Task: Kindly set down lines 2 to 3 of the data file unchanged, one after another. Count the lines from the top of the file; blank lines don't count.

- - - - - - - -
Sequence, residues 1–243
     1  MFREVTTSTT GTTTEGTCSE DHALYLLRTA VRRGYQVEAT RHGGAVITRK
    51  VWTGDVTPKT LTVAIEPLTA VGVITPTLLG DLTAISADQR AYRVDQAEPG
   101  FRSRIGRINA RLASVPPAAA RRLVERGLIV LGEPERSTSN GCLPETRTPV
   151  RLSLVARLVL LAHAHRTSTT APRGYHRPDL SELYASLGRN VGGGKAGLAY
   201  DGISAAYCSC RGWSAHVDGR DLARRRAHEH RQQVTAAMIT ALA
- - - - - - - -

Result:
     1  MFREVTTSTT GTTTEGTCSE DHALYLLRTA VRRGYQVEAT RHGGAVITRK
    51  VWTGDVTPKT LTVAIEPLTA VGVITPTLLG DLTAISADQR AYRVDQAEPG